Given the increases in safety technology and crash avoidance systems, it may be viewed as a surprise that figures released in the last week have shown a considerable rise in road casualties of all severities, including those known as KSIs – “killed and seriously injured”, to the 12 month period ending in September 2016.
Provisional statistics released by the Department for Transport recorded that there were 182,560 casualties of all severities in the period, which was an increase of 4% on the previous year.
Of even greater concern was that the figure for KSI rose by 6% on the previous year to 25,160.
Amongst the bad news, there were some encouraging signs. The number of road deaths at 1,810, had increased on the previous year, but at a level which was statistically insignificant.
Also, the Department for Transport estimated that there was a 1.4% rise in motor traffic levels in the year to September 2016. When that increase is applied to the number of casualties on the road overall, it does seem that the overall casualty rate per vehicle mile fell by around 5%.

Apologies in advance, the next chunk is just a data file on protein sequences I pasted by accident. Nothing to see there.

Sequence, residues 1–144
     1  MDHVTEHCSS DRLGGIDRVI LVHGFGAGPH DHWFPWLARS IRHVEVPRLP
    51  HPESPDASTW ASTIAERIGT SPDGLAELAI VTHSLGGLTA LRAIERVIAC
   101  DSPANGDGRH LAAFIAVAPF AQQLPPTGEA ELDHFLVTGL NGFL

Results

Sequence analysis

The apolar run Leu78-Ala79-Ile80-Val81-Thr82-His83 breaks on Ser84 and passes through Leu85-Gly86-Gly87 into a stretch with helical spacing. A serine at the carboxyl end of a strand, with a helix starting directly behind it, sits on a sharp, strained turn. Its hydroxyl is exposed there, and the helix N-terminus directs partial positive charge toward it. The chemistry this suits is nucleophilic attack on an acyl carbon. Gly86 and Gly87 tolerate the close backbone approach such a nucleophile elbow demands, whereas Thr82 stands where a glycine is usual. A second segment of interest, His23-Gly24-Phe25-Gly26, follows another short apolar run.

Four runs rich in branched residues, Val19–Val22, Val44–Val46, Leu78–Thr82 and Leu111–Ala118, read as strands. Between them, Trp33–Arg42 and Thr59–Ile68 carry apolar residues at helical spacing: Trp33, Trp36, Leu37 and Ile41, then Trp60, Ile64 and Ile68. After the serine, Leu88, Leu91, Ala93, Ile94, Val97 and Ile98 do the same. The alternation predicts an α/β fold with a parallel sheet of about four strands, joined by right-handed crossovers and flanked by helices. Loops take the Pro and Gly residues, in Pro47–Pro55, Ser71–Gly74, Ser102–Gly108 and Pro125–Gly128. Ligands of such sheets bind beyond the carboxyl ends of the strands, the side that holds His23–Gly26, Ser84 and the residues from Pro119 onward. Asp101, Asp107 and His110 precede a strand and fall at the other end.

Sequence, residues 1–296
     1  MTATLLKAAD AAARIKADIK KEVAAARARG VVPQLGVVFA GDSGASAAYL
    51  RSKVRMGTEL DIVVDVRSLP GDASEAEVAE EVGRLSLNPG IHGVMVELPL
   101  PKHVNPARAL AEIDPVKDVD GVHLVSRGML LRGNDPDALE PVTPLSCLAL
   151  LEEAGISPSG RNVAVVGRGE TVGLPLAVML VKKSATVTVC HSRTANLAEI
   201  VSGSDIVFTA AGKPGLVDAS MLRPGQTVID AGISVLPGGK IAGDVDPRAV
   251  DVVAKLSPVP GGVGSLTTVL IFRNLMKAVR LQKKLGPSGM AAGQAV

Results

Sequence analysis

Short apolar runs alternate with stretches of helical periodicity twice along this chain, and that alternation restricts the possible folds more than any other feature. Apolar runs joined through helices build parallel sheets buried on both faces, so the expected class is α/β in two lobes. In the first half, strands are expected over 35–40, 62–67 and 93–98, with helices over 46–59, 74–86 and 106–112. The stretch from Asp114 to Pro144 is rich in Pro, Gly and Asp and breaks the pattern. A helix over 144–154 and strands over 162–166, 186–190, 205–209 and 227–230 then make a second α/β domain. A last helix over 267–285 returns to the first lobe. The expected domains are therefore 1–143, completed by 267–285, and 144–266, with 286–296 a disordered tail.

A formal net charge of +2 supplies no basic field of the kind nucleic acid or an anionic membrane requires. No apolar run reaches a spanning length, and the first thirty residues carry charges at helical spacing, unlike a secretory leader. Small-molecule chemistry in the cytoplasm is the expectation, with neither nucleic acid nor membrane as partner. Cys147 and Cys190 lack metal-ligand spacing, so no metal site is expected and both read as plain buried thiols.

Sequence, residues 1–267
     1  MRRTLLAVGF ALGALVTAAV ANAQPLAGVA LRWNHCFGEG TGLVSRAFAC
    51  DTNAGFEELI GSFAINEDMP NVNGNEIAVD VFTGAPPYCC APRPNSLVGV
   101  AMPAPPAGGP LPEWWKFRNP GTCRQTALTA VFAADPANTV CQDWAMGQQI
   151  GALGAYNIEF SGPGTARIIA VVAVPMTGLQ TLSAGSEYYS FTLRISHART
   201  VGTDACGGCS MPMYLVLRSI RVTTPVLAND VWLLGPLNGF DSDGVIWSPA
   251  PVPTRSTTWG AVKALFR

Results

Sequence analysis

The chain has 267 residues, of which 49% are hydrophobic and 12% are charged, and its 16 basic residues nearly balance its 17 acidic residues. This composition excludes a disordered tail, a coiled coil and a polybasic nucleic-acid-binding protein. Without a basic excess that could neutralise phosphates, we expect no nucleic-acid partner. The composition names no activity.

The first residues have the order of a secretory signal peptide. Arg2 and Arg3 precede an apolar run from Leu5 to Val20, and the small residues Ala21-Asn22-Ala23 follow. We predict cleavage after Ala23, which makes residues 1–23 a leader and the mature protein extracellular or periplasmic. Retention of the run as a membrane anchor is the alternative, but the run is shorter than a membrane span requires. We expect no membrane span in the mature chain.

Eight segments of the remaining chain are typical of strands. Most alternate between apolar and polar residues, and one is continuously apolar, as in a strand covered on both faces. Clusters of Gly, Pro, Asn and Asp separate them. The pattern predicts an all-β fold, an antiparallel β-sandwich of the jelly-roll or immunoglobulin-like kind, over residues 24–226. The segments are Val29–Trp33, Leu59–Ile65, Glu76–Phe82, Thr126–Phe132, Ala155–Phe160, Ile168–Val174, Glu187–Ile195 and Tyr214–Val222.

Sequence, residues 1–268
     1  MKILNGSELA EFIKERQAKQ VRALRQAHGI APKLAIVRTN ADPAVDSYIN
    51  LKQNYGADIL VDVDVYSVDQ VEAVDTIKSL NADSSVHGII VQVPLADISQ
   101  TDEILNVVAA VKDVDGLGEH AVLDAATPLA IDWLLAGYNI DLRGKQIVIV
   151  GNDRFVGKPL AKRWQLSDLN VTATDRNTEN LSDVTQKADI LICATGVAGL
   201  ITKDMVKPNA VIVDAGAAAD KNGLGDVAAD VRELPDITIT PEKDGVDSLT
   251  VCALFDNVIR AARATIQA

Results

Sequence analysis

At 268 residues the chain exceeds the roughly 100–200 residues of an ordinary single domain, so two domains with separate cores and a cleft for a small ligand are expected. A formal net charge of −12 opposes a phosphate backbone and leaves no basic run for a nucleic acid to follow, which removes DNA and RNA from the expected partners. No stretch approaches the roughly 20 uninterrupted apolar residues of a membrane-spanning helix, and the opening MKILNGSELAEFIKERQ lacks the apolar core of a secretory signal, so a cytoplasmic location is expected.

Children remain a vulnerable group, and amongst those aged 0-15 the KSI casualties increased by 22% in the third quarter of 2016.
Some commentators have suggested that the relatively static picture on road deaths, but the increase in overall casualties, might be as a result of greater safety features and ever improving medical care meaning that more victims of road traffic collisions are surviving their injuries, but still means that safety on our roads is an increasing cause of concern.
Philip Edwards, a Serious Injury Partner with Clarke Willmott said:-
We have seen so many initiatives to improve road safety, both in technical advances and campaigns, and yet still road casualties rise. As always we must look behind the statistics and at the real human stories of the loss of loved ones, and of life changing catastrophic injuries, and to realise we must all do what we can to reduce the number of KSIs in the UK. A joined up approach from Government, Local Authorities, road safety groups and local communities will usually result in positive change in this field, and I would urge everyone with an interest in improving road safety to get involved, and to campaign and lobby about matters of concern locally and nationally”